Temporal speckle-averaging of optical coherence tomography volumes for in-vivo cellular resolution neuronal and vascular retinal imaging

By Pengfei Zhang, Eric B. Miller, Suman K. Manna, Ratheesh K. Meleppat, Edward N. Pugh, and Robert Zawadzki
Neurophotonics, 6(4), 041105 (2019). https://doi.org/10.1117/1.NPh.6.4.041105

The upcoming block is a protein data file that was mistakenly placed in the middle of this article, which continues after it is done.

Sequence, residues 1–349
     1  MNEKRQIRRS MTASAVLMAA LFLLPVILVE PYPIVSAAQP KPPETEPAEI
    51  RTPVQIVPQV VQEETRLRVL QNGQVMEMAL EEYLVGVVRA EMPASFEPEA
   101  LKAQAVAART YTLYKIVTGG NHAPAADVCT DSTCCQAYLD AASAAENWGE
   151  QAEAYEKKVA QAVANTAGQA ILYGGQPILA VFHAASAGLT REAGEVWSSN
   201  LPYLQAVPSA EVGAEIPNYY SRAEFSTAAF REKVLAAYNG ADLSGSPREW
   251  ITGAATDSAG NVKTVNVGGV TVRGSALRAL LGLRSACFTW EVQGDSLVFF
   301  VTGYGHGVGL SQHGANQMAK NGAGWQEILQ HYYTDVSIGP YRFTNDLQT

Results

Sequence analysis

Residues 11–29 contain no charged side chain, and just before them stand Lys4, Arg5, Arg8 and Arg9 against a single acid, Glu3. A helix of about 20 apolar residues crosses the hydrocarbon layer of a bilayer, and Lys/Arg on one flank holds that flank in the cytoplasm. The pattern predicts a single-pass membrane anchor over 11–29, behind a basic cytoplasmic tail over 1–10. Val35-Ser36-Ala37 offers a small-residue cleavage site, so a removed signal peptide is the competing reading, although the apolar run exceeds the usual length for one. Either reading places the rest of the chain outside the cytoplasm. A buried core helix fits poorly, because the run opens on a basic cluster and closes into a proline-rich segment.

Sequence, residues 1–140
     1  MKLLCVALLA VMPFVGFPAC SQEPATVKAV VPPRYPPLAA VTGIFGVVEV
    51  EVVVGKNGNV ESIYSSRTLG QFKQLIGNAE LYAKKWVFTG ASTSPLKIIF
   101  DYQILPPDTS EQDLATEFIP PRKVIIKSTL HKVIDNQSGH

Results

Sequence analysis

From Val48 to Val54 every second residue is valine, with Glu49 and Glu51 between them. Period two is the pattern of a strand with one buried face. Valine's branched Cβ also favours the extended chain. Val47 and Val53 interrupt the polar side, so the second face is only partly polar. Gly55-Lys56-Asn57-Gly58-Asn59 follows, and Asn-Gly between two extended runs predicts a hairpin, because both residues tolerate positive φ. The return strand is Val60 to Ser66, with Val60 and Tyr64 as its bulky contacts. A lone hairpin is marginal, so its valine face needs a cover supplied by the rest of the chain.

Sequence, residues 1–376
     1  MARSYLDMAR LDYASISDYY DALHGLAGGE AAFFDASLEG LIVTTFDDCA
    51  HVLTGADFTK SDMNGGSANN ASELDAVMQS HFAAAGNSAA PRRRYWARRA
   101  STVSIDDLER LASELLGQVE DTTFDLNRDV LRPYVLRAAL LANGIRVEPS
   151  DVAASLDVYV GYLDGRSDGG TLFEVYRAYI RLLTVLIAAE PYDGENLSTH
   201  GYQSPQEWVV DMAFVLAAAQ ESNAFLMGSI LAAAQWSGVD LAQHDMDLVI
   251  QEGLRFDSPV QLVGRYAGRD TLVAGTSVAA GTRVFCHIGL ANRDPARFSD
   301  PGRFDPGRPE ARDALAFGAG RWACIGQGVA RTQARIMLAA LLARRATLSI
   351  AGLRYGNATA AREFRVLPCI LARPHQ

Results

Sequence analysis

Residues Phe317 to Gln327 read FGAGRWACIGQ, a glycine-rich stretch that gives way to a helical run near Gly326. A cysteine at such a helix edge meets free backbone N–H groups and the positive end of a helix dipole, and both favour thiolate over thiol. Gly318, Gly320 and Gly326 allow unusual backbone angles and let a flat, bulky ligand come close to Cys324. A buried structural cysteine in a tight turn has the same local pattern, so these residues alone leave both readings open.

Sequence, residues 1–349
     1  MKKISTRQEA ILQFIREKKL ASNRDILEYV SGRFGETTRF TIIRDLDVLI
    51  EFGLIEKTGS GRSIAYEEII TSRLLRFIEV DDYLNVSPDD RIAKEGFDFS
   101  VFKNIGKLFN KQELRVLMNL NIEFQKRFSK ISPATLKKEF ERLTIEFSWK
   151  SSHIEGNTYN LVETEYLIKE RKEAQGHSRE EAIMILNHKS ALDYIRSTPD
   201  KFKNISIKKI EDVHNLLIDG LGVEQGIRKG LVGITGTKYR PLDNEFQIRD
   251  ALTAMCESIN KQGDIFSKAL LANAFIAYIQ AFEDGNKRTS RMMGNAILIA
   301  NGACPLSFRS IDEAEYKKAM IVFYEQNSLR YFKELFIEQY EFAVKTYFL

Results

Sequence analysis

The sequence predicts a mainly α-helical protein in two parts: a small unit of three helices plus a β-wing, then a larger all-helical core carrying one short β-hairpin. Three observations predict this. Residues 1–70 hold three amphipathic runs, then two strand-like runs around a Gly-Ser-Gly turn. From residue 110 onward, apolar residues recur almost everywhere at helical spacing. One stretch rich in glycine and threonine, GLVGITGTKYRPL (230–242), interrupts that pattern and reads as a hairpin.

It has been recently demonstrated that structures corresponding to the cell bodies of highly transparent cells in the retinal ganglion cell layer could be visualized noninvasively in the living human eye by optical coherence tomography (OCT) via temporal averaging. Inspired by this development, we explored the application of volumetric temporal averaging in mice, which are important models for studying human retinal diseases and therapeutic interventions. A general framework of temporal speckle-averaging (TSA) of OCT and optical coherence tomography angiography (OCTA) is presented and applied to mouse retinal volumetric data. Based on the image analysis, the eyes of mice under anesthesia exhibit only minor motions, corresponding to lateral displacements of a few micrometers and rotations of a fraction of 1 deg. Moreover, due to reduced eye movements under anesthesia, there is a negligible amount of motion artifacts within the volumes that need to be corrected to achieve volume coregistration. In addition, the relatively good optical quality of the mouse ocular media allows for cellular-resolution imaging without adaptive optics (AO), greatly simplifying the experimental system, making the proposed framework feasible for large studies. The TSA OCT and TSA OCTA results provide rich information about new structures previously not visualized in living mice with non-AO-OCT. The mechanism of TSA relies on improving signal-to-noise ratio as well as efficient suppression of speckle contrast due to temporal decorrelation of the speckle patterns, enabling full utilization of the high volumetric resolution offered by OCT and OCTA.